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Author Topic: What makes an enjoyable freestyle session?  (Read 1225 times)

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Offline Neverdull44

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What makes an enjoyable freestyle session?
« on: September 17, 2015, 10:55:01 AM »
What rules do your rink have for freestyle ice?

Who?  Who is allowed on the ice?  Is there a minimum skating ability?  Are there separate sessions for axel/higher levels?  Anyone with a toe pick allowed on the ice? 

What?   What are the right of way rules? Are they posted in the rink or website, handed to newbies?  Are skaters doing their program required to wear a brightly colored sash to help differentiate them?

Where?   I've heard some rinks have suggested areas to repeatedly practice certain moves?  The "lutz" and jumping corners, spins in the center.     Do you regulate where parents can & cannot sit (i.e. no sideline parent coaching)?

When?  Do you have early morning and afternoon sessions that  help kids attend brick-n-mortem schools?  Do you have sessions that abut Learn to Skate that make it conducive for lower level skaters to get practice ice?  Are there problems with some skaters not being able to play their music, do you have rules on taking turns with music, or is it just amicably worked out?

How much?   What is the cost?  Do club members pay less?   Do upper level sessions cost more since they could be limited to a lower number of skaters?

Why?   What are the best and worst rules you've encountered, and why?

Offline TreSk8sAZ

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Re: What makes an enjoyable freestyle session?
« Reply #1 on: September 17, 2015, 01:13:16 PM »
Answers in purple.

What rules do your rink have for freestyle ice?

Depends on the session. We have Open (which means anyone Basic 6 and above, below Basic 6 must have a coach present with them), Juv-Sr, Int-Sr, and Elite. Mostly the last two are during the summer, during the school year it's generally Juv-Sr for the high freestyles. We also have specialty, which is an on-ice class for skaters FS4 and up.

Rules are posted on our online ice contract website as well as at the rink. Skaters in program must wear a belt (neon green sash), and they have right of way. Skaters in lesson come next, followed by everyone else. Dancers and pairs teams also must wear the belt during program, and usually the girl wears it.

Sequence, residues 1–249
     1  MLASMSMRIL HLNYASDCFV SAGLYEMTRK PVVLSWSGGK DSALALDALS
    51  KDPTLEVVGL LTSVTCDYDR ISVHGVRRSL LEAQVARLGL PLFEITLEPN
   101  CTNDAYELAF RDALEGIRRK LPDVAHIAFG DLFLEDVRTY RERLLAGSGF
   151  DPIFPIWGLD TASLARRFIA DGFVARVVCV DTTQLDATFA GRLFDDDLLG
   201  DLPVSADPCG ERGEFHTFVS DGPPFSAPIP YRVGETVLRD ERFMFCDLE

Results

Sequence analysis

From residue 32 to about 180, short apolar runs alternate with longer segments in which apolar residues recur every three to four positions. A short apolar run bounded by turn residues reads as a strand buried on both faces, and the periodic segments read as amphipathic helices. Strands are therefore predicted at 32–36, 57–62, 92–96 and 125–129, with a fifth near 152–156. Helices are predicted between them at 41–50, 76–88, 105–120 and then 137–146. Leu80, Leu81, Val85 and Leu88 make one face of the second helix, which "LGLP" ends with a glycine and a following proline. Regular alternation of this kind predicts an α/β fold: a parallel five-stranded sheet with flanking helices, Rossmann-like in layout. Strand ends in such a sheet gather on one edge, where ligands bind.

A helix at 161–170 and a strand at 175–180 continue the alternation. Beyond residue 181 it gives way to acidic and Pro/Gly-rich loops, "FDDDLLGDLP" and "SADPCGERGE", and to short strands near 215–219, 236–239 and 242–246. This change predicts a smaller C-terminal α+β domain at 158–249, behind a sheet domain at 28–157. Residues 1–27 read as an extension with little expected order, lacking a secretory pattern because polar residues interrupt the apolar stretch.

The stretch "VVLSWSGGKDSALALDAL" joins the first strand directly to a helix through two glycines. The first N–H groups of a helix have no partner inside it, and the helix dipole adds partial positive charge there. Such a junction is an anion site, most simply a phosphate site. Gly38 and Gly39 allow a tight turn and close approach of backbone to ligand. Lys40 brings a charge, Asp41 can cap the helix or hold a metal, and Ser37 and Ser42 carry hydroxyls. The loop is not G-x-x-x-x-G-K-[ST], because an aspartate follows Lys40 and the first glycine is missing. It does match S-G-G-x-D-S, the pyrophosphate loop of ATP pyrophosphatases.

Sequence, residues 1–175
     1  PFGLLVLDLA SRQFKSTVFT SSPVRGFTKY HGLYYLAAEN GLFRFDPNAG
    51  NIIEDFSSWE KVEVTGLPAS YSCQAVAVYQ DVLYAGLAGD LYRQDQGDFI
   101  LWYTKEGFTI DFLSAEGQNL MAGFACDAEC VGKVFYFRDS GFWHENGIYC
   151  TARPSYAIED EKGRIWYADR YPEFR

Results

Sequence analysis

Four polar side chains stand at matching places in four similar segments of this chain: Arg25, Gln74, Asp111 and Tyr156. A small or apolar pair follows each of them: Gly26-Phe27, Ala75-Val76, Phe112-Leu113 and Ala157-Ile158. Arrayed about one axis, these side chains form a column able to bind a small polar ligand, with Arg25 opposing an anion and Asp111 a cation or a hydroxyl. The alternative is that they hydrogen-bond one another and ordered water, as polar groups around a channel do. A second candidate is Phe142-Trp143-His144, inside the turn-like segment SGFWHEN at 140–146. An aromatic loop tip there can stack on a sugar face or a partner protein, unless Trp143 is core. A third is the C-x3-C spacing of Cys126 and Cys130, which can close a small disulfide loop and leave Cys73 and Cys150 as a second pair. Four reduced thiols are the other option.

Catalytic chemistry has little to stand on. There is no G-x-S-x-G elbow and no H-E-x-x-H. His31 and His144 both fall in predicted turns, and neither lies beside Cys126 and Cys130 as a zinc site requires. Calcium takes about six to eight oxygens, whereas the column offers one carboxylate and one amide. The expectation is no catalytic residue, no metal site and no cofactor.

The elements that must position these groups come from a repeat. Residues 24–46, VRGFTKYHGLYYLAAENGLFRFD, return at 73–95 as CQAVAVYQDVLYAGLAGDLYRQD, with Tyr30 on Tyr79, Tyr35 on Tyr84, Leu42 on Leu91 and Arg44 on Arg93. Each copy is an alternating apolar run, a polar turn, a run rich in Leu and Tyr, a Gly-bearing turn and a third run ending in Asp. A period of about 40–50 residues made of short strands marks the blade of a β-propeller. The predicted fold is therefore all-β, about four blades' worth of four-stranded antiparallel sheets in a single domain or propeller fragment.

Generally speaking, the idea is spins in the middle, jumps on the ends, dance and MITF down the sides. This isn't always followed or enforced, however, and it drives us crazy to no end when coaches plop their basic skills/low freeskate skater in the lutz corner to work on crossovers or spins, and stay there for half an hour.

Parents are not allowed near the ice. They may sit in the bleachers or in the lobby. There is NO coaching allowed by parents, and if the child keeps going over to the glass or talking to them from the bleachers, either the parent can get kicked out or the skater can be asked to leave the session. Mainly this is a safety issue - when the kids stand and talk to their parents over the glass, they usually aren't watching behind them and there have been some collisions, especially when they stand 3 feet back from the boards in the lane of traffic.

We have Open FS sessions starting at either 5 or 6 a.m., and they go through the morning until around 11 a.m. Afternoon freestyles are split - Juv-Sr on one rink starting at 1:30 and going through 4, Open on another starting at 1:45 and going through 5:15 or 6, depending on the day. Learn to Skate starts after the last freestyle, and LTS skaters also get passes to practice on public.

We use the RinkMusic system. It loads a queue of skaters programs in the order they are swiped. Coaches may bump a skater using their coach fob. A skater whose music has not been played will bump a skater who has gone before in the session.

(At my other rink that I skate at once a week, there is a Coach, Coach, Skater system. On busy days the line is written in marker, on less crowded days you just verbally make the line).

How much?